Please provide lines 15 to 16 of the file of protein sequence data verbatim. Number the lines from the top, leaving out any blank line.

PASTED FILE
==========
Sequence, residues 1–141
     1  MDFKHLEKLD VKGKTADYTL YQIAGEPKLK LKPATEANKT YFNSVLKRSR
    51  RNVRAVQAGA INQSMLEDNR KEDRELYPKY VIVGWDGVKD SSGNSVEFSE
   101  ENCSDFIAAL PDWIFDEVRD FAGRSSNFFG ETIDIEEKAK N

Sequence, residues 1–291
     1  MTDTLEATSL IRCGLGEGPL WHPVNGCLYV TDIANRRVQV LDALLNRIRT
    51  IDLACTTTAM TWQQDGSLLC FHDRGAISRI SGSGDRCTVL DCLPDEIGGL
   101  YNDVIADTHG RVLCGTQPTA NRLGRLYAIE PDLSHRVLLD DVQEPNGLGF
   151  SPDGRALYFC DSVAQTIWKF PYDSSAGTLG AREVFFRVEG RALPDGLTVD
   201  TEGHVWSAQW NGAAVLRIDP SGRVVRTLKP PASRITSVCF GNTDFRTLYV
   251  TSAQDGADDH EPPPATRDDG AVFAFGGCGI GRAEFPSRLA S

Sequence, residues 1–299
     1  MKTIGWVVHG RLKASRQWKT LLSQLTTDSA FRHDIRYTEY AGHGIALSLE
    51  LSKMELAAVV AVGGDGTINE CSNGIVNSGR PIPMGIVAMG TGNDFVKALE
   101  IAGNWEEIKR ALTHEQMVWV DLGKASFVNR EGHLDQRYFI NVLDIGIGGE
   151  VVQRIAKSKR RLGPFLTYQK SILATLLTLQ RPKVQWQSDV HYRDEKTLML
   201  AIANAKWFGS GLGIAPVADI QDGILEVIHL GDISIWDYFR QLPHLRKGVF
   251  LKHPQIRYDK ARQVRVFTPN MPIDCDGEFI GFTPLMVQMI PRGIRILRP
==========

   101  IAGNWEEIKR ALTHEQMVWV DLGKASFVNR EGHLDQRYFI NVLDIGIGGE
   151  VVQRIAKSKR RLGPFLTYQK SILATLLTLQ RPKVQWQSDV HYRDEKTLML